• Puppy Mills: Puppy mills usually supply pet stores with a steady of stream of pure-bred (or designer type) dogs. Their dogs are bred as often as possible with little to no consideration given to health, cleanliness, or overall quality of life. If you stay mindful of the cautions  listed above (specifically, no pet store puppy purchases) you'll have successfully avoided buying a puppy from a mill. 
Shelter Dogs come in all shapes, ages, sizes, and breeds. Purebred dogs end up in shelters all across the country for reasons as simple as "it got too big" or "I had to move." Unless you are looking for a show dog or one with lineage specific to some other particular task, you can find what you want in a shelter or rescue. If you find yourself trying to decide between an irresponsible breeder and a shelter/rescue, please keep in mind that most of the dogs in that shelter started off with a breeder like this. Many of those animals never make it out alive.

Owensboro Humane Society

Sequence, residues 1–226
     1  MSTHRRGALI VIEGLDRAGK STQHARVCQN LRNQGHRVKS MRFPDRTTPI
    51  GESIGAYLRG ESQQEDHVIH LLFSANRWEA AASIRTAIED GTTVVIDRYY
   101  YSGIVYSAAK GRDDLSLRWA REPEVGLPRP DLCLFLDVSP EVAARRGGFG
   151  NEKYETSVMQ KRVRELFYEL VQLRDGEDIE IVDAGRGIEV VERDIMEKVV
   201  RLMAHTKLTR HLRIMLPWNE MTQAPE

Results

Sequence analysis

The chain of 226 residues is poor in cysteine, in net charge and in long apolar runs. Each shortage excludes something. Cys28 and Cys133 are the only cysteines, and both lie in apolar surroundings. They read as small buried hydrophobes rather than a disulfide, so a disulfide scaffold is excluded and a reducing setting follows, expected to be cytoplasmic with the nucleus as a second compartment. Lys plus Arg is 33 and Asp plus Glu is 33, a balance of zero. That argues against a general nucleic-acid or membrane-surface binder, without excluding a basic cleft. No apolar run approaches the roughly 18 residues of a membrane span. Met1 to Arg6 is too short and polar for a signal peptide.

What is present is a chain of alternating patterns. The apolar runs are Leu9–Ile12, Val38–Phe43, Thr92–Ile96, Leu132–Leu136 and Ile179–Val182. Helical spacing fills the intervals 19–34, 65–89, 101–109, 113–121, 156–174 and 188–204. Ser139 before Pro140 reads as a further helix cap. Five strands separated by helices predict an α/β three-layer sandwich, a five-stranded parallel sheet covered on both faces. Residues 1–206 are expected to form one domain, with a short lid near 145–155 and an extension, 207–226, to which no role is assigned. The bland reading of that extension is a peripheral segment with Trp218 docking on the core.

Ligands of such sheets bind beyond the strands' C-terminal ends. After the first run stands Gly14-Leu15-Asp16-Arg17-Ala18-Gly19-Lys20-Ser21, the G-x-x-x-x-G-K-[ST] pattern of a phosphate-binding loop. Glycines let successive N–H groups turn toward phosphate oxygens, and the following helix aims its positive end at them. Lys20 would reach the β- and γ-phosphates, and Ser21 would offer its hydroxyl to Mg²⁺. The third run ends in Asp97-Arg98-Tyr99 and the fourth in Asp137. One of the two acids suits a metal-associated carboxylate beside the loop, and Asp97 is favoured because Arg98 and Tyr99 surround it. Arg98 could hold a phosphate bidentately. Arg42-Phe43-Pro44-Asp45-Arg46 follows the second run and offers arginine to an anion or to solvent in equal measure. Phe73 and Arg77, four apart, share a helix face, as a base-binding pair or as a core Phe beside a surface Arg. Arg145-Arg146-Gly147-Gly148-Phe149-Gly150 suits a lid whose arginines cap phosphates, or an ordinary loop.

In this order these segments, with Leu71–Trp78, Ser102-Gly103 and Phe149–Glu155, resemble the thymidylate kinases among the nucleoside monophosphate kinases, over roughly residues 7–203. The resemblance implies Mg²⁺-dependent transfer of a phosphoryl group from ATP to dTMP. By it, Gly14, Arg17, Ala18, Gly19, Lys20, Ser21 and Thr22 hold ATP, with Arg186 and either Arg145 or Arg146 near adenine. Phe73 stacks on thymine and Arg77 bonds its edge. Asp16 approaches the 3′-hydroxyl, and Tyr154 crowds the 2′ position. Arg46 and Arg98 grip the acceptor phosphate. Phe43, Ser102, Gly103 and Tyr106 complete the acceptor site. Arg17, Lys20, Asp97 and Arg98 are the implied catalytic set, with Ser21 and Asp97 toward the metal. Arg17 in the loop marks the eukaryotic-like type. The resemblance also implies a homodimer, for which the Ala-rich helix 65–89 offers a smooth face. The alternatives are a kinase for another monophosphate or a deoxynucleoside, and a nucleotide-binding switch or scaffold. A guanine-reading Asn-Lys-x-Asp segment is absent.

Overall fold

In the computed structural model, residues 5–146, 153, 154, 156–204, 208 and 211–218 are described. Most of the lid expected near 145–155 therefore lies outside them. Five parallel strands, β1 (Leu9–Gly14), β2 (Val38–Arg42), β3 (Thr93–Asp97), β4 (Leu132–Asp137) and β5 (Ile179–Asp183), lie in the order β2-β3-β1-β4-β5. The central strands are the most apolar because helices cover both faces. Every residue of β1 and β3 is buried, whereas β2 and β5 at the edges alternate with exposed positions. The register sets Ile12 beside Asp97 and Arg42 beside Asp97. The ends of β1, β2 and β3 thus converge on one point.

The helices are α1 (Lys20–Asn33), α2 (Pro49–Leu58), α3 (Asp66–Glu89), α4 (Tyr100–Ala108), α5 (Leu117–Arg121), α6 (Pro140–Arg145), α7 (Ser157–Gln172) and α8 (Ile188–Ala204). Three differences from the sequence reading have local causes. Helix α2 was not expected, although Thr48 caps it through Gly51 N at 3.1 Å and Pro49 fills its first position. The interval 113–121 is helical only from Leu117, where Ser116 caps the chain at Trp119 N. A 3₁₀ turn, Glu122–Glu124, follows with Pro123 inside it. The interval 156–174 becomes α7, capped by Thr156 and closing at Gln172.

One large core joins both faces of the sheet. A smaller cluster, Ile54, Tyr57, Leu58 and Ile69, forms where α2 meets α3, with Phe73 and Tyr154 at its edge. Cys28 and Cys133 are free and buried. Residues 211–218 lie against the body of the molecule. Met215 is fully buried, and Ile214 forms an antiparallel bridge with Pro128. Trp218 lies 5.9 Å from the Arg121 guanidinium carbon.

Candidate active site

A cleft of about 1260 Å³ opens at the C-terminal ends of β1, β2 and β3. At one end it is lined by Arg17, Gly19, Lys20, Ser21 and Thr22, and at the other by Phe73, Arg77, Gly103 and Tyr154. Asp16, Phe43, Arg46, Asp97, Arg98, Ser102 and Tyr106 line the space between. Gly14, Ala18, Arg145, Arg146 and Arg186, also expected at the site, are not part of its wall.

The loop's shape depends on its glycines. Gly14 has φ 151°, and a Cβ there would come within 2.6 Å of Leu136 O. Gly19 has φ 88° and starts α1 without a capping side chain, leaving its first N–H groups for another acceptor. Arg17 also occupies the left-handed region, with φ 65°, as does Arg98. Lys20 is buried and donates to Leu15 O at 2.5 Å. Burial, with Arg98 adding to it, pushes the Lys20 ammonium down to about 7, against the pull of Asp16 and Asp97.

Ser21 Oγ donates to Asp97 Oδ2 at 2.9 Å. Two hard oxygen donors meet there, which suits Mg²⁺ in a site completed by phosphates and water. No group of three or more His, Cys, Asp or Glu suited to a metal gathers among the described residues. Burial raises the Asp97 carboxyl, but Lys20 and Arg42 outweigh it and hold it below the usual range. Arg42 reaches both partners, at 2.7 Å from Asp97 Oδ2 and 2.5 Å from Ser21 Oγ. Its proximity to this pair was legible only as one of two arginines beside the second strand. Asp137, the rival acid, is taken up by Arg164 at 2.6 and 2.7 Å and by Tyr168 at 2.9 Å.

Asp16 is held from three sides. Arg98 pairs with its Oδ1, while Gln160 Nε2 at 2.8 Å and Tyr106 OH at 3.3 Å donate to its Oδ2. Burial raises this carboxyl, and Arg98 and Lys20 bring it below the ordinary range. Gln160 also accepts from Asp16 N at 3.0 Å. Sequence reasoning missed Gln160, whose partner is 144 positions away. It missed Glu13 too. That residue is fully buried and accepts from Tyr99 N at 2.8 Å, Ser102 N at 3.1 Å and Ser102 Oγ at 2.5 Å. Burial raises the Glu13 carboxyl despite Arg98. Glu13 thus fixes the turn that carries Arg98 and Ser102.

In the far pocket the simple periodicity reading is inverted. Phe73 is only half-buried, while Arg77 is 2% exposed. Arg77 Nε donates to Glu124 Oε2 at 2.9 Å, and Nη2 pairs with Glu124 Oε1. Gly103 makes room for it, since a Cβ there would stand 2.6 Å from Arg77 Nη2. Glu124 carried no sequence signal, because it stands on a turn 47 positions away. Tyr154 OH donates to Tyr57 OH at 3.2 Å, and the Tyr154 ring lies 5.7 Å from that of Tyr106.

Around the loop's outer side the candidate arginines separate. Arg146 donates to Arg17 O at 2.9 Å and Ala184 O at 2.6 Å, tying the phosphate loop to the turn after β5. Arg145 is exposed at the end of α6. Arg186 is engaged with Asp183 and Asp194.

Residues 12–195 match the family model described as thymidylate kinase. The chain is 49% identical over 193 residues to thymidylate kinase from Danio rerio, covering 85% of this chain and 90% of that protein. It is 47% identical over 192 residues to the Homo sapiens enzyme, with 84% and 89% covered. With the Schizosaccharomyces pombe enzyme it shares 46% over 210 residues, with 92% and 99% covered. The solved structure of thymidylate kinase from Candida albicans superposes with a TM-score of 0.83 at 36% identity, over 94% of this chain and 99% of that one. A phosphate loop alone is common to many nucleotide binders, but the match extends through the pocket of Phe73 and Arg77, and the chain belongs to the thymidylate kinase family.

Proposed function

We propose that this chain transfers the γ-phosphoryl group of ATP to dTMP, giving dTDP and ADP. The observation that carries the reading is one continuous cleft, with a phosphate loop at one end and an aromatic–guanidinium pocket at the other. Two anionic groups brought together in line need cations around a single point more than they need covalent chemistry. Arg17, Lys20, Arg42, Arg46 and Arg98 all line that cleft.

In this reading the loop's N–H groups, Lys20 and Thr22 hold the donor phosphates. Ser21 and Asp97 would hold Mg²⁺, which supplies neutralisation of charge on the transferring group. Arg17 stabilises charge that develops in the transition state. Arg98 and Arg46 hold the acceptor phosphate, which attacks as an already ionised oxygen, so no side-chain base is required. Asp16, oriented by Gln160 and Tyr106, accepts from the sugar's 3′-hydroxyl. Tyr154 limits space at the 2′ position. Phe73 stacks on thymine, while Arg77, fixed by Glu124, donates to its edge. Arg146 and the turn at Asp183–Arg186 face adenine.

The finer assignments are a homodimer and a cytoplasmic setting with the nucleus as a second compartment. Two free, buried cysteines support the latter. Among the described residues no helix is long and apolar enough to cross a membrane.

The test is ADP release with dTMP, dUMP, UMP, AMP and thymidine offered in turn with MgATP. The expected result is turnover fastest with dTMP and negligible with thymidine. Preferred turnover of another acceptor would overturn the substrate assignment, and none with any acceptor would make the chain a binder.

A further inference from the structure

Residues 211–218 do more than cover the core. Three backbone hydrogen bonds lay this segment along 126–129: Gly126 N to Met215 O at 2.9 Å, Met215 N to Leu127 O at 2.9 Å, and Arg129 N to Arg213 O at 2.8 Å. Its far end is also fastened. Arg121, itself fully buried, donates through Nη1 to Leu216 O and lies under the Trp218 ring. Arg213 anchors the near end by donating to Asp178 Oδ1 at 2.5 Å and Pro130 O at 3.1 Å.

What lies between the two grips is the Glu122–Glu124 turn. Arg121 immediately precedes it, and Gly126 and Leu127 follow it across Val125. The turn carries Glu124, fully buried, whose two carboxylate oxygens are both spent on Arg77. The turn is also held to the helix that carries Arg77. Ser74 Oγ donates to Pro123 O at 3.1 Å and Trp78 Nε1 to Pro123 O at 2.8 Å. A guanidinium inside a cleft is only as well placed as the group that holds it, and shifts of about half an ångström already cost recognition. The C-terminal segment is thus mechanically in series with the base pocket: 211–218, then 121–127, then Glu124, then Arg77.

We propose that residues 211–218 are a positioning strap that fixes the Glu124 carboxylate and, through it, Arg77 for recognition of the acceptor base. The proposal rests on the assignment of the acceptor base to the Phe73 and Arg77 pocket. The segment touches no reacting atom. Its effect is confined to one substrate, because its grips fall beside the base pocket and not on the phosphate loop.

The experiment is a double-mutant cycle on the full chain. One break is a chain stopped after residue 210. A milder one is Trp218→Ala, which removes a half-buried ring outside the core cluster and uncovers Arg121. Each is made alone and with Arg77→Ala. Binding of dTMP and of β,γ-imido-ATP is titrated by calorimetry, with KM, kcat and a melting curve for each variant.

I may have been a little less mellow about this subject than I intended to be but that is prone to happen when I speak about a mistake that I have personal experience with. When I was a teenager, my parents bought me a little Shih Tzu puppy from a backyard breeder and most of the red flags were there. She came home too early (and grew up to be neurotically clingy). She was a terrible, albeit adorable, specimen of her breed (one of the jokes I made to friends was that her eyes had three settings: out, super out, and "almost in"). Of course, she was also the light of my life and my best friend for well over a decade. No one acquires a dog like that with ill intentions, it happens before we learn better. That's the case with most mistakes in pet care; we are fed so many terrible "answers." Most of us receive our information in bits and pieces and usually only half of it contains even a fraction of truth. In order to change this, weed out the myths, and begin to make a difference, we must share what we've learned from actual experiences and from digging deep.